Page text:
sleepBefore the introduction of artificial light, people were in entire darkness in the evening hours. Because of this, for centuries, women would chart their cycles in correlation to the moon’s cycle, a natural light source. This made sense because the moon has a 29.5 day cycle, different phases and because light has an influence on hormones, women found great success with this method.

That is until artificial light was invented.

Today our cycles are introduced to varying types of light sources that can influence our hormones. When your body is exposed to light, your retino-hypothalamic tract picks up the light sources and then relays this to your pineal gland. This is in turn produces the hormone melatonin. Melatonin is a prominent hormone that is produced in the brain that sends signals to your body that it is time to sleep.

During the day normal levels of melatonin often stay low and as the sun sets, these levels escalate, hitting high levels in the evening. Low levels help you stay alert, but if these levels are low at night, you may have difficulty sleeping.

For this reason, presence of light during the night (or your sleeping hours) can influence the stable levels of your hormones and can even lead to changes in your cycle no matter the age or life experience of a woman (menstruation, pregnancy, menopause).

But, it’s not just light that affects our sleep.

According to a study by the National Sleep Foundation, 67 percent of women lose sleep when they have their period. In addition to exposure to blue light, change in hormone levels, cramps, breast tenderness, headaches and change in temperature can influence sleep. It is also not uncommon to experience insomnia days before your period and disruptive sleep while on your period. Most cycle charting applications such as Pink Pad recognize insomnia as a common symptom of the menstrual cycle, listing it as a symptom women can report in the app’s interface.

Researchers at the University of California San Francisco found that ovulation and the increase in progesterone experienced as a result of ovulation leads some to experience REM sleep earlier in the sleep cycle, which means they would experience less deep sleep. They also found that women who suffer from PMS, experience little to no REM sleep at all. And of course, with an increase in hormone levels comes an increase in temperature, leading to a week or two of restless sleep or for pregnant women or women in menopause, months and months of hot temperature nights.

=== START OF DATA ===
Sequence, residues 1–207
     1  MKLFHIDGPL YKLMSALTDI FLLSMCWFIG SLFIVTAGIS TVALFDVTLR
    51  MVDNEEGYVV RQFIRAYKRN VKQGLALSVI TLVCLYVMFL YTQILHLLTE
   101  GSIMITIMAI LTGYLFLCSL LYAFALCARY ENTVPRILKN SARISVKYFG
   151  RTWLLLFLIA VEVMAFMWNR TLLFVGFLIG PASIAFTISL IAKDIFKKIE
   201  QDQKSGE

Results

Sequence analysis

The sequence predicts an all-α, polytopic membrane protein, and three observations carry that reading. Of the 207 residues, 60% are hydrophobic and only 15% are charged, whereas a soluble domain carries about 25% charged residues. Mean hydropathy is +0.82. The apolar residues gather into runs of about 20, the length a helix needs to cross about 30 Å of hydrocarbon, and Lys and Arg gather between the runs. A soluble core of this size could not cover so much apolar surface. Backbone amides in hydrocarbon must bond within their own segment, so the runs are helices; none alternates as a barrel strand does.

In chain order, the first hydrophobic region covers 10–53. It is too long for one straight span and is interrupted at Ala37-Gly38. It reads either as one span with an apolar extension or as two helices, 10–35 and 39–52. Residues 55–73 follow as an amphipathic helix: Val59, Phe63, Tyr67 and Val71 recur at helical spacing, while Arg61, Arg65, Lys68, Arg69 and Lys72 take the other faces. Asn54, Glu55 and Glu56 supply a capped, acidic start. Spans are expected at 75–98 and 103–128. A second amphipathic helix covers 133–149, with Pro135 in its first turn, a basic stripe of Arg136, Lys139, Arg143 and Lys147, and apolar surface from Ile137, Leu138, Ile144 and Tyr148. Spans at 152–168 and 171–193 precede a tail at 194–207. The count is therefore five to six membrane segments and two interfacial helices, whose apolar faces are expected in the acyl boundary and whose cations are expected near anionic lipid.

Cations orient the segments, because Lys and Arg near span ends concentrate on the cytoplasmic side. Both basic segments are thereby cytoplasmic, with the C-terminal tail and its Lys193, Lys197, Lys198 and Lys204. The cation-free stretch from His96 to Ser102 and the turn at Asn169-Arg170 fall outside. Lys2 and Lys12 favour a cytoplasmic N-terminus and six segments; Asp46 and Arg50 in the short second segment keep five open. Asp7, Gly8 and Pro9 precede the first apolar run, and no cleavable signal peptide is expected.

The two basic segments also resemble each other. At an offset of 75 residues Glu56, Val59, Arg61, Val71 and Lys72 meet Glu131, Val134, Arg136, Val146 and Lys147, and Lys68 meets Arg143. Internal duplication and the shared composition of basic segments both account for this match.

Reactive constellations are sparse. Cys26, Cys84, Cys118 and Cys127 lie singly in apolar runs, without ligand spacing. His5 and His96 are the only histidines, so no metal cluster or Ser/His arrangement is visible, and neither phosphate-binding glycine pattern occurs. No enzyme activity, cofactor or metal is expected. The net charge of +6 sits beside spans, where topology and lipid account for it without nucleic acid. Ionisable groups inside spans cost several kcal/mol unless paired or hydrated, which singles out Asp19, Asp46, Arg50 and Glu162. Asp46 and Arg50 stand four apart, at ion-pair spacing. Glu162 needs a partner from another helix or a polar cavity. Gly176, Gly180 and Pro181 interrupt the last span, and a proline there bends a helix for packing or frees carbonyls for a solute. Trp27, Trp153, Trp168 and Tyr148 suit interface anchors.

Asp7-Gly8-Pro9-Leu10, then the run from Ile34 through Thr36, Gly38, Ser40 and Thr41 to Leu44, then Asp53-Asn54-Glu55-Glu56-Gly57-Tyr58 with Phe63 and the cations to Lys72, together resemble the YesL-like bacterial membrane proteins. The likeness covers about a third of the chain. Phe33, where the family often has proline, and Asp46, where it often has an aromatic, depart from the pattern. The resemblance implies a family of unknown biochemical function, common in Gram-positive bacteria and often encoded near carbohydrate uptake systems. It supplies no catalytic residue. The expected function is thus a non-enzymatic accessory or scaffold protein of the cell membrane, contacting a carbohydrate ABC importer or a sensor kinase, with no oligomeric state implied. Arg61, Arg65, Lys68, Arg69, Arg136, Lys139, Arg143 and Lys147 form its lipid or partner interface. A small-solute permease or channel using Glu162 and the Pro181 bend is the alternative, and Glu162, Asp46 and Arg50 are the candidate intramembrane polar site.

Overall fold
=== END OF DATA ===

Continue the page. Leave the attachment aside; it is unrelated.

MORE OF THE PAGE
Although disturbance in sleep can be linked to other issues such as stress and emotional tensions, hormonal changes need to be carefully considered, monitored and cared for just as equally.

While staying up late watching television or working on your computer is common, most women do not understand the effect this can have on your sleep pattern and if ovulating or menstruating, these activities can increase the imbalance.

So what can you do to better balance your hormone and sleep cycles? We’ve compiled some helpful tips to better care for your sleep cycle and in turn your menstrual cycle.

Settle: Wind down before bed, and not in front of a screen. Reading, writing in a journal or taking some time to reflect will not only relax your mind, but give your brain a break from the “blue light” of screens. Screen devices emit blue light, which keeps melatonin at lower levels, which can inhibit sleep.

Lights out!: Keep melatonin levels high by ensuring your room is dark. Remove any blue light sources and hang thick drapes over windows to keep the street lights out! Try your hand at this DIY tutorial on making “blackout” drapes!